Genetic counselors may also meet with individuals who have genetic disorders and who opt not to pass down the traits to children, a process that can also be challenging to those who wrestle with how to make the decision.

Explore psychology degrees that can lead to your career in counseling or psychology.

Sports Psychologist

When most people think about what it takes to be an exceptional athlete, they think about years of training, nutrition, excellent coaching or perhaps peak physical condition.

However, athletic excellence is often just as much mental as it is physical. For that reason, many professional and college sports team hire sports psychologists to work with players.

Just some of the typical tasks of a sports psychologist might include counseling sessions with a player who has been injured, meeting with the team to discuss how they feel after a particularly big loss or win or even meeting with coaches to help them encourage and inspire their players during training practices.

A sports psychologist might work in a range of different environments as diverse as a university research center, a professional sports team, a hospital or even a fitness facility.

Industrial-Organizational Psychologist

One of the most lucrative positions in the field of psychology is that of the industrial-organizational psychologist. While many people have never even heard of this particular career, it is an integral part of many large businesses and international corporations.

Industrial-organizational psychology is the study of how to improve productivity and happiness within the workplace. The objective is to have employees who are content in their positions, work hard to please their managers, feel understood and appreciated by superiors and who are suited to their particular careers within the company.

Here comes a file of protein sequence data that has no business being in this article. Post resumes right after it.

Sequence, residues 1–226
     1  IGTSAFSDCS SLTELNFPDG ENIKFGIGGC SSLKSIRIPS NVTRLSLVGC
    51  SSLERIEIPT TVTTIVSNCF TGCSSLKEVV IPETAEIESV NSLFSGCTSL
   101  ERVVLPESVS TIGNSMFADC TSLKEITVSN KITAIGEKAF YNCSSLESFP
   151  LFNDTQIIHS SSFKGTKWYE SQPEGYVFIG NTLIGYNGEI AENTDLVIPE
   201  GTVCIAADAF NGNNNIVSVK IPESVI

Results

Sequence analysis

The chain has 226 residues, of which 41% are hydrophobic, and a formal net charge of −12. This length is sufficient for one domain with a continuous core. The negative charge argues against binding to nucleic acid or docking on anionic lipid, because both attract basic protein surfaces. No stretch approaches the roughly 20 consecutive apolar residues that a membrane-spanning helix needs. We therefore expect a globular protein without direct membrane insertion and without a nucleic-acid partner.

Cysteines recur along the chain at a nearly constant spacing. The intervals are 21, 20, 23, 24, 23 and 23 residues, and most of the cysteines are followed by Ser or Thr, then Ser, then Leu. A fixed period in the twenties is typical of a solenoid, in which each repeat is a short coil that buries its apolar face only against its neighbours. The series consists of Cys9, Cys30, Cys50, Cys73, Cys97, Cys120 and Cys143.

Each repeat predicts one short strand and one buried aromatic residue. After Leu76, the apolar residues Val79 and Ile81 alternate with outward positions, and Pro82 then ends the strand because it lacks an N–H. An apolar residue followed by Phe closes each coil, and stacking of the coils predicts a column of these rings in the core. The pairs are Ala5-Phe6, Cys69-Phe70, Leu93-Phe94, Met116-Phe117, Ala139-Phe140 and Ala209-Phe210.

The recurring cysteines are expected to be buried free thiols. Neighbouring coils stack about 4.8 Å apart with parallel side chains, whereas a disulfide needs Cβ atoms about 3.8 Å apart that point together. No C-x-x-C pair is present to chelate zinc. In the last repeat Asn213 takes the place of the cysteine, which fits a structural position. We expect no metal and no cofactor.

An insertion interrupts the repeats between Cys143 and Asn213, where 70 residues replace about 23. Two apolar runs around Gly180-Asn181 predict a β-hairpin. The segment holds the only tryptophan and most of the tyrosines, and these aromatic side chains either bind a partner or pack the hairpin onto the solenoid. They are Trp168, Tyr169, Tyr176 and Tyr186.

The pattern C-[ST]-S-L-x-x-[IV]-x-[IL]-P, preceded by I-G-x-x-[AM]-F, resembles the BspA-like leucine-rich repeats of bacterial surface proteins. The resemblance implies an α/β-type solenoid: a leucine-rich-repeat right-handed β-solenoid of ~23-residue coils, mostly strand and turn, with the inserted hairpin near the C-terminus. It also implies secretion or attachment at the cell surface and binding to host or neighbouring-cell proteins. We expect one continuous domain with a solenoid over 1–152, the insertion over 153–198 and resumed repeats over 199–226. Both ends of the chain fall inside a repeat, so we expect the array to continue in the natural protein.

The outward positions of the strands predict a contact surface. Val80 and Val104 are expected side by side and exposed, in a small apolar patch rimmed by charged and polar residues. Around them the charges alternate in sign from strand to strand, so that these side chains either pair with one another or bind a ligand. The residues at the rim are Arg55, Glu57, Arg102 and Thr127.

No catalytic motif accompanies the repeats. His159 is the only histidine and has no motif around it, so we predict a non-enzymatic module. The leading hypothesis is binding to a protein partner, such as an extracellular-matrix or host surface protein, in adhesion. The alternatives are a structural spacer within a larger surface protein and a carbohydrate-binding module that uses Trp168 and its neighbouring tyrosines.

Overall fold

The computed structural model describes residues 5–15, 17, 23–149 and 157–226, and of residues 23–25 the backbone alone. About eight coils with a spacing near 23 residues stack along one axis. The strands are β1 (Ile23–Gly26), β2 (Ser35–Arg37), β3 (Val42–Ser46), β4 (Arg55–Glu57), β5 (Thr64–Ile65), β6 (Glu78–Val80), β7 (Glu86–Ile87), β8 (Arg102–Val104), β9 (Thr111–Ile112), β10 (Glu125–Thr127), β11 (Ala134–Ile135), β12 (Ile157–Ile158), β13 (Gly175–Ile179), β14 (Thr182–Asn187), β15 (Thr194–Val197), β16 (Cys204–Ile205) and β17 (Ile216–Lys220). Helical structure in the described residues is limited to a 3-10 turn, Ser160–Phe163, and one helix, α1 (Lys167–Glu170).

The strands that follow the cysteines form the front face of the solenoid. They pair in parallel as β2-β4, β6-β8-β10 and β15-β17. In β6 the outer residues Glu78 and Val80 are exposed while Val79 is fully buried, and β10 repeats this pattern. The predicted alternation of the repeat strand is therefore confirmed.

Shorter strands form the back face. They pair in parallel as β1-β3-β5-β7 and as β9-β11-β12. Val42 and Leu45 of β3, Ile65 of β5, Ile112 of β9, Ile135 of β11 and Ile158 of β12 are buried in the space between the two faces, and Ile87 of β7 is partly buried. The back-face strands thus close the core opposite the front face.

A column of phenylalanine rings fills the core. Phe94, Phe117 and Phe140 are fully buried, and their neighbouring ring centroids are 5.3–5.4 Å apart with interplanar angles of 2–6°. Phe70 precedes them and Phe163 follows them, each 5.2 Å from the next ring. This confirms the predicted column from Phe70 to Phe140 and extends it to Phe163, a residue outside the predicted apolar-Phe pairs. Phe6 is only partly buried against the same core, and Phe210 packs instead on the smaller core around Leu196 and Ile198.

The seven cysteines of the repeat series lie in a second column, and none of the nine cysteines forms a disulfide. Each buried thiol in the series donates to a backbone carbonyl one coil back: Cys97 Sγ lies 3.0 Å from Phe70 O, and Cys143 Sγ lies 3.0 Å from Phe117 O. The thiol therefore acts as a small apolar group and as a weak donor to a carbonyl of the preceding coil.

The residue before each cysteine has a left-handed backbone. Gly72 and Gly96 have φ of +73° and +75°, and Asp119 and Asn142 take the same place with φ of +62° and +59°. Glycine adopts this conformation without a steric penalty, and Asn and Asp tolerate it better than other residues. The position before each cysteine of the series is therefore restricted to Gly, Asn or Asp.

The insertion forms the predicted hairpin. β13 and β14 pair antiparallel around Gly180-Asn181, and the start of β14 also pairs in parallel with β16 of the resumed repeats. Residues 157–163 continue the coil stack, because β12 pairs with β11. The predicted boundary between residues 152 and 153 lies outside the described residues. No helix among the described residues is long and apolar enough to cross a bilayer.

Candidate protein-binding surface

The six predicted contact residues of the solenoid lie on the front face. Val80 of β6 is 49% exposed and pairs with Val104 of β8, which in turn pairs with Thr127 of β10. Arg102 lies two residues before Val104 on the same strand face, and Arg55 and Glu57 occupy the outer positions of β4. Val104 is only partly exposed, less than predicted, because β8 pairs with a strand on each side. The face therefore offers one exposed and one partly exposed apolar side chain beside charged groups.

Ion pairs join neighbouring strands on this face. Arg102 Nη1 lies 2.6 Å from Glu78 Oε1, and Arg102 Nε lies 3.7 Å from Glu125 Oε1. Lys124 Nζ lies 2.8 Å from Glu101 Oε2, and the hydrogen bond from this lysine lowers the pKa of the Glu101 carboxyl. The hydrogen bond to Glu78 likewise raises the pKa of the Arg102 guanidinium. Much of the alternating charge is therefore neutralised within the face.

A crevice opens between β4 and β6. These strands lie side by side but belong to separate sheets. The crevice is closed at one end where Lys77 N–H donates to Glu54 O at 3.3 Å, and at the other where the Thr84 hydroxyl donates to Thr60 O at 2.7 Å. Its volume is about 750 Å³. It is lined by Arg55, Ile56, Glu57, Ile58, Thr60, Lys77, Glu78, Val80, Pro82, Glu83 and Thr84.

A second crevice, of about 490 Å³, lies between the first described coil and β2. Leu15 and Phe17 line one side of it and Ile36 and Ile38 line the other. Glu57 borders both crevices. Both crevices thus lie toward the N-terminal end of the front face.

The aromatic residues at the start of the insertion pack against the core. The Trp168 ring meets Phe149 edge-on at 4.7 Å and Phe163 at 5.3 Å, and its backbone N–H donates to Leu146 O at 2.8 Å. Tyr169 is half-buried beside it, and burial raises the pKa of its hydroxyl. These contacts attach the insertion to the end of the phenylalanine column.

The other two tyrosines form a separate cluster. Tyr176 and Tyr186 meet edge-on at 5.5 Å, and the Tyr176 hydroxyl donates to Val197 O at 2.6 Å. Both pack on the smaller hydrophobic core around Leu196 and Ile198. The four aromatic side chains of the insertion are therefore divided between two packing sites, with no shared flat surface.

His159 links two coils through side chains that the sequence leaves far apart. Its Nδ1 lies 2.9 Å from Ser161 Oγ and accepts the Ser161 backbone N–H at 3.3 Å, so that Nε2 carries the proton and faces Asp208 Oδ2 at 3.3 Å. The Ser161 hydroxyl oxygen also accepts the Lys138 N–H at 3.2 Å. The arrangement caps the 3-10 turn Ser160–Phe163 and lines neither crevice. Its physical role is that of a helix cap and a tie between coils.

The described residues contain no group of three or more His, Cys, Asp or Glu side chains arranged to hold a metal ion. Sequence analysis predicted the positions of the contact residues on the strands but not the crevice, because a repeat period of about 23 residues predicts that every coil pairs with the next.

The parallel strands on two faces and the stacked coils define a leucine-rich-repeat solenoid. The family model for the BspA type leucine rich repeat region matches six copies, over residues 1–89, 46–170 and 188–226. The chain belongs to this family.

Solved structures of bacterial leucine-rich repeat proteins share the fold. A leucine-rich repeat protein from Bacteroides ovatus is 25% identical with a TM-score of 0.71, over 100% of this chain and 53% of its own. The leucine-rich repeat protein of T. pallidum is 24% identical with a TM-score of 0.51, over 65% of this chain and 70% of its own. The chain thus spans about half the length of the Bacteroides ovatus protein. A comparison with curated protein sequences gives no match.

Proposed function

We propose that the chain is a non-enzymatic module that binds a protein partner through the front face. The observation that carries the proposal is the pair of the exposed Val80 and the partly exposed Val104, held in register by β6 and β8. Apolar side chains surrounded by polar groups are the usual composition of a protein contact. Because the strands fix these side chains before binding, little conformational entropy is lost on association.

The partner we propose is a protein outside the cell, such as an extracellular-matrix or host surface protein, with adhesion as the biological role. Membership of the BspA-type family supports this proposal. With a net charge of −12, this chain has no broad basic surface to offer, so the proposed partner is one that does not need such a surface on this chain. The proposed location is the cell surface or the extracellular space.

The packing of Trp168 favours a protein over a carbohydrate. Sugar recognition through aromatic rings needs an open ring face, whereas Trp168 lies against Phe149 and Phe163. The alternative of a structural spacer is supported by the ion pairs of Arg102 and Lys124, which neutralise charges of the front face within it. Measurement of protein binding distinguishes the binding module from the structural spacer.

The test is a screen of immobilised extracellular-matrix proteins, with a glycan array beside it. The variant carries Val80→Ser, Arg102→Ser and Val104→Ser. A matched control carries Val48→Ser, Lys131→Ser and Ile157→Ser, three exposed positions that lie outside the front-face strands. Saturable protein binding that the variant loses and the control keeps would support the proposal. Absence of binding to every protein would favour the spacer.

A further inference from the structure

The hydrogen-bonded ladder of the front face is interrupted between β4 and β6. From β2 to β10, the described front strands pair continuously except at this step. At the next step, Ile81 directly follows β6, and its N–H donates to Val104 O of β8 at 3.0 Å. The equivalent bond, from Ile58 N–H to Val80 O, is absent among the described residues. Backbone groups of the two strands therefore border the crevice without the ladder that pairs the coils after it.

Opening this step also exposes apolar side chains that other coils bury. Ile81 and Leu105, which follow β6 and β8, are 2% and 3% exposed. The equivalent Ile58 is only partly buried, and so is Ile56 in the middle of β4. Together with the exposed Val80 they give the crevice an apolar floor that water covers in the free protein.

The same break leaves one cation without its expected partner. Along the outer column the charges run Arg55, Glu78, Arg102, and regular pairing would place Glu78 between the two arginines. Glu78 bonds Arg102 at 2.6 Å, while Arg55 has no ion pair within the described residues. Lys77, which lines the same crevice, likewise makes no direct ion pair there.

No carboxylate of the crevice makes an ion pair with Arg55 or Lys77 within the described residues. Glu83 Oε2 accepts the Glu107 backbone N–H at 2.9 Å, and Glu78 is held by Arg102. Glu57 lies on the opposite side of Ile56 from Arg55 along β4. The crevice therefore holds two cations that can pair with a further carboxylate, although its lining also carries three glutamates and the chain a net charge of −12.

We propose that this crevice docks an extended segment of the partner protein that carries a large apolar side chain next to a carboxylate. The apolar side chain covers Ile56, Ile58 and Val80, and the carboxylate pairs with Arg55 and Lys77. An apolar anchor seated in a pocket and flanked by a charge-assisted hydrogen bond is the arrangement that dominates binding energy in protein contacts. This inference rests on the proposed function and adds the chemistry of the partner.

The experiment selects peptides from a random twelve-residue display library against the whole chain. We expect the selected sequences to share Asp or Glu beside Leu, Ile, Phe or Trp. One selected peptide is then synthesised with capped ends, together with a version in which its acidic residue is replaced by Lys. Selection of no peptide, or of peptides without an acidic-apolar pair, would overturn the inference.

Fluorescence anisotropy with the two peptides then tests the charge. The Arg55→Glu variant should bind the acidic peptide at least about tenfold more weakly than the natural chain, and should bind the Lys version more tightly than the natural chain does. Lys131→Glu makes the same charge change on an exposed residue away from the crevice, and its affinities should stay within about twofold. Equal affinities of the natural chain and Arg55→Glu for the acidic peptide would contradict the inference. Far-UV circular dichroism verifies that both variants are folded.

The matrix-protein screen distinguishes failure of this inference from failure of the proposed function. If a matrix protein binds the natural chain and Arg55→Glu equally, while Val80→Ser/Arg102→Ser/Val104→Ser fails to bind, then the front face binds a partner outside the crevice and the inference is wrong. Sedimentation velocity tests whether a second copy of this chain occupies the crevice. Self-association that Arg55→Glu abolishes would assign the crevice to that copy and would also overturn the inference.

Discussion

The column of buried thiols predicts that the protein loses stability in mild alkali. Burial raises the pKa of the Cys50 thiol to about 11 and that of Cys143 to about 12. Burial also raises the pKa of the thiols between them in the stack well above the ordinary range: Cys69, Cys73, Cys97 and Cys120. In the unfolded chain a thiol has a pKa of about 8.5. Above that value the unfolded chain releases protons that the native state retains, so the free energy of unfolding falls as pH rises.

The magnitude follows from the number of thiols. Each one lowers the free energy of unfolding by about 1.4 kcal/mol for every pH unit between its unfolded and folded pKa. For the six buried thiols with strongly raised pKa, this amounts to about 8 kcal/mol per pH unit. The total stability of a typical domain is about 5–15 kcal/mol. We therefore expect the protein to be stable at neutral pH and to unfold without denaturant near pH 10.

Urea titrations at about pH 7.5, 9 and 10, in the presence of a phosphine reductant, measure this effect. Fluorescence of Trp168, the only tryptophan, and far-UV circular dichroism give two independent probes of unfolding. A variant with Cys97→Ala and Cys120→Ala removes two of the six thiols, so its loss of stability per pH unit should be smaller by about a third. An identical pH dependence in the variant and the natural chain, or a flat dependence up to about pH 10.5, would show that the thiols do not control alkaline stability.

Some of the tasks that an industrial-organizational psychologist might do could include interviewing candidates to determine their personality and cohesiveness with the company before hire, ensuring that conditions are suitable for maximum productivity and discussing ways that the business could create happier employees with owners or executives.

Addiction Counselor

Dealing with an addiction can be a lifelong struggle, and just one of the ways to beat addiction is to engage in regular counseling sessions with an addiction counselor.

An addiction counselor might work in a recovery center with inpatients on an intensive schedule, leading group therapy sessions or one-on-one with patients.

An addiction counselor might be tasked with helping addicts break the cycle of their drug or alcohol addiction, or they might help them to maintain sobriety decades after they abused these kinds of stimulants.

Some addiction counselors even meet with the friends, family or children of addicts to help them work through their own emotions, guilt or stress related to addiction. Being an addiction counselor requires an education in psychology, of course, but is also requires flexibility and patience.

If you are a great communicator, a good listener and you want to take on a challenging position that makes a difference, then working as an addiction counselor can be a good fit within the field of psychology.

Psychology is a fascinating subject, and there are dozens of different types of careers that you can pursue within the field. Along with working as a psychologist in a private practice, you might want to consider a position like school psychologist, forensic psychologist, industrial-organizational psychologist, addiction counselor, genetic counselor, sports psychologist or career counselor. Find your way to your career through an online degree. Start at Accredited-Online-Colleges.com.

About the Author:

Sandy Davis

Sandy Davis is a long-time educator who holds a Master’s Degree in Education, having taught English, writing, and communication on the secondary and college levels. With ten years of experience in blogging, social media and content management, she is a freelance writer and content marketing specialist for a diverse range of clients.